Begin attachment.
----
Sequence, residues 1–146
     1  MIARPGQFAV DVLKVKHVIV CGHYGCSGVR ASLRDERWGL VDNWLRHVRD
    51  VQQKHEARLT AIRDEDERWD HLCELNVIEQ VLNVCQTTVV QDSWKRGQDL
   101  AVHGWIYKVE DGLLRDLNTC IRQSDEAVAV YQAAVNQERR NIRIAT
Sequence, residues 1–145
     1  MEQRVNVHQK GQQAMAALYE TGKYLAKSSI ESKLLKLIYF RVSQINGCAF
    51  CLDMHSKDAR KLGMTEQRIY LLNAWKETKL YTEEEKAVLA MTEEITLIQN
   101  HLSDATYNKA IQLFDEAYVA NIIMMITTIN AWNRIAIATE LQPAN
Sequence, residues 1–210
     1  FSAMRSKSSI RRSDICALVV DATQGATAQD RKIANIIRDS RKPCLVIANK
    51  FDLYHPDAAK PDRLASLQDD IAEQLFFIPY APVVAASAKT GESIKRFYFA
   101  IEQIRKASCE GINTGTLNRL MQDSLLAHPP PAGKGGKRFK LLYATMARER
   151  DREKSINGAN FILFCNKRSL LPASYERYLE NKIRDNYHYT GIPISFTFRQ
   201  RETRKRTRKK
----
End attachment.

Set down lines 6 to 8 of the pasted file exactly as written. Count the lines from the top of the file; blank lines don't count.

     1  MEQRVNVHQK GQQAMAALYE TGKYLAKSSI ESKLLKLIYF RVSQINGCAF
    51  CLDMHSKDAR KLGMTEQRIY LLNAWKETKL YTEEEKAVLA MTEEITLIQN
   101  HLSDATYNKA IQLFDEAYVA NIIMMITTIN AWNRIAIATE LQPAN